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The Long Handle

Rhapsody in blue

Never before was one colour seared into our eyeballs as on the night of the Champions League final

Andrew Hughes
Andrew Hughes
A million dollars says that heave's not ugly  •  BCCI

A million dollars says that heave's not ugly  •  BCCI

On Sunday, three weeks of bewildering intercontinental T20 tussling came to an appropriately Indian end. The non-IPL participants had been ejected from the party and the Blues took on the other Blues for the right to call themselves Champions of Everything.
Not since that episode of The Smurfs in which the little blue chaps had to transport a cargo of blueberries across the Pacific Ocean on the back of a blue whale had I seen so much of a certain colour on the screen at once. It was bluer than Muddy Waters strumming his guitar in the rain while waiting for a bus on a miserable Monday morning.
But although it was blue, it was not blue-collar. In fact, collars were the only way you could tell the teams apart. Rajasthan had gone for a daring streak of glitter ascending from the v-neck of their jersey, but Mumbai had gold lamé sewn onto the inside of theirs, so when anyone turned up a collar, onlookers were dazzled by the tailored bling.
The lesser Blues bowled first and ended up facing a gargantuan 202. And to make it worse, they had to start their chase against Million Dollar Maxwell.
Normally, mention of Glenn's name would be the cue for a predictable, only slightly amusing, riff on a particularly egregious example of Australia's new breed of achievement-light, endorsement-heavy youngster, drawing attention both to his IPL fee ($1m) and his IPL appearances (three).
Sadly, we must now consider such cheap humour to be outdated. For Glenn, with a Pietersen-lite exhibition of rubber-limbed thwackery had turned a good score into a great score, and when he hunched up his collar as he prepared to open the Mumbai bowling, he displayed not the gaudy gleam of an overpaid chancer but the gold trim of minor godliness.
The Royals started well enough. In the first over, Perera hit a couple of tidy fours, and then pushing the ball past the bowler, he ran for a quick single.
Non-striker Rahane had also set off, but then, out of the corner of his eye, he noticed a fielder picking up the ball. In that instant, the 19 yards he had left to cover were transformed in his imagination into an obstacle course, complete with bear-traps, crocodile pits, a piranha buffet, and Danny Morrison waiting to do a quirky mid-run-out interview.
"Nooooooooooooo!" screamed Rahane, as though waking from one of those nightmares in which no matter how much you urge your legs to carry you away from the gang of flesh-eating zombie hamsters, you don't seem to be moving at all.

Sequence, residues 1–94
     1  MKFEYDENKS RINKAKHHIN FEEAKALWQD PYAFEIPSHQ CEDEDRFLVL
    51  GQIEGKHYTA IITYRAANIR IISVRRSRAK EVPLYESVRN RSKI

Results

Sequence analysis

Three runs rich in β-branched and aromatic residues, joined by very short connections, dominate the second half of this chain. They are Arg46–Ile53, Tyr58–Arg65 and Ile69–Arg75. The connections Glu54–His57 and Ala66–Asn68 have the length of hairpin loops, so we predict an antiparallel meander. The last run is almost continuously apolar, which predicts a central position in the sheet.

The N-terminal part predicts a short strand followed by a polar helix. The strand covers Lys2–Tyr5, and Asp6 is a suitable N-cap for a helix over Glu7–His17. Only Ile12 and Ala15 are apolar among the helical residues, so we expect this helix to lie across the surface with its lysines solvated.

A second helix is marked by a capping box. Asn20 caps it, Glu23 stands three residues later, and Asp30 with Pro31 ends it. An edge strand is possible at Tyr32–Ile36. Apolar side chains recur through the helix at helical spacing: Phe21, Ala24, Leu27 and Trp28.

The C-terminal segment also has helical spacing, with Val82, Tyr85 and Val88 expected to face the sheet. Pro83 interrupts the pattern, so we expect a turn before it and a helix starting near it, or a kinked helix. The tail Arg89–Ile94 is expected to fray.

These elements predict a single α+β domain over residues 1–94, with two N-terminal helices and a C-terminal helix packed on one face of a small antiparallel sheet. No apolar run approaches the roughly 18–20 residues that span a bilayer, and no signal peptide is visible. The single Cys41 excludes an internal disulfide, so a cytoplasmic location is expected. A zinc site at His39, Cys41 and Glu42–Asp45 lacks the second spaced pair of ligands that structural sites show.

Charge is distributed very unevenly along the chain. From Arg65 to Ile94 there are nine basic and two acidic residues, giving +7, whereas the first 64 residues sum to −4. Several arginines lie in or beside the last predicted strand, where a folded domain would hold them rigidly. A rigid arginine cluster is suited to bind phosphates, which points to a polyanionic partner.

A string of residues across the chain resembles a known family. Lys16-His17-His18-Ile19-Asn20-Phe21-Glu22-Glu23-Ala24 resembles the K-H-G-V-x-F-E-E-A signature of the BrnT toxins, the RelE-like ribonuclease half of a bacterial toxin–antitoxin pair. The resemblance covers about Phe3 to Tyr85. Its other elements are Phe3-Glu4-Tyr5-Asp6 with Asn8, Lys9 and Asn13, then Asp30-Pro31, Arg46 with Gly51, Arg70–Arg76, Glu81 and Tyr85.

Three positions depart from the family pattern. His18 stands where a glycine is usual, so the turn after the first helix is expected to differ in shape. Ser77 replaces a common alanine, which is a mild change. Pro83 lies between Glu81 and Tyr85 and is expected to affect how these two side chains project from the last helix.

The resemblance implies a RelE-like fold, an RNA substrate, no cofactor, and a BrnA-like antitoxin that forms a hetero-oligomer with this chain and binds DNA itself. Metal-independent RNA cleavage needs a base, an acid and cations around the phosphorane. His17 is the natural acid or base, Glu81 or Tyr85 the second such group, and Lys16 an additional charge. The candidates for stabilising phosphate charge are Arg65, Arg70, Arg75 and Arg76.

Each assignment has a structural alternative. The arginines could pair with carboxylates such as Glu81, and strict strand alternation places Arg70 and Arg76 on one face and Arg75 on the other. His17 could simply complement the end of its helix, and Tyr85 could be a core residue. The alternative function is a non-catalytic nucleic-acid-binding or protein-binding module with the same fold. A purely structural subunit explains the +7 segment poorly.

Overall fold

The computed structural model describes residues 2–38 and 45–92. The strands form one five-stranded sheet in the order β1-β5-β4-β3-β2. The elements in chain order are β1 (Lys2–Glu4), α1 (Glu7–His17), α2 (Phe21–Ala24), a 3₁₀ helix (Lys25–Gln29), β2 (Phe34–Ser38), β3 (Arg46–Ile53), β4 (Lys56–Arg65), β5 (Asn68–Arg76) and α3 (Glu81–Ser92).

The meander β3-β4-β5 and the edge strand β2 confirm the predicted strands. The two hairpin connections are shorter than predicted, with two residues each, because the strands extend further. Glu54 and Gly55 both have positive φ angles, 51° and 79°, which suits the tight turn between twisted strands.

Yet despite this setback, for a while Fate allowed Rajasthan to think they had a chance. There aren't many batsmen I would voluntarily watch all day, but Rahane is one of them, and Samson has some pillar-rocking shots. Together they got the Royals into the suburbs of Victory City, before they took a sudden and inexplicable wrong turn into an ugly district.
Samson holed out, then Watson and Rahane began to find run scoring as tricky as quadratic equations. While they were wrestling with the maths, trying to squeeze out an extra fraction here and there, the game slipped from its unlocked cage, crept across the kitchen floor in its slippers and sneaked out through the cat flap.
Harbhajan finished the job. He coughed up a knee-tickler that Rahane cuffed mightily, but as our view panned round, the sector of the ground into which he'd hit it seemed to be getting longer and longer, until, when it seemed ball must drop beyond rope, the boundary fielder revealed himself. Three balls later, Binny gave us the horrible heave to end all horrible heaves and two balls after that, Cooper was stumped by Karthik, who flattened the timber as completely as a hippopotamus belly-flopping onto a lollipop-stick model of the Taj Mahal.
Rajasthan had run out of steam, whistle, engine, track and driver. But it wasn't quite over yet. Suddenly, in the middle of the end of a 20-over thrash, we found ourselves saying goodbye to a legend. Don't let him get out having a wild slog, we all prayed. It was not to be. The situation demanded slogging of the wilder sort, and Rahul Dravid did his duty. His glorious career ended with an extravagant lash, as though unleashing all those years of pent-up biffery in one reckless fling. There was a sickeningly hollow clatter of stumps and that was that. Congratulations to the Blues, and farewell, Rahul.

Andrew Hughes is a writer currently based in England. He tweets here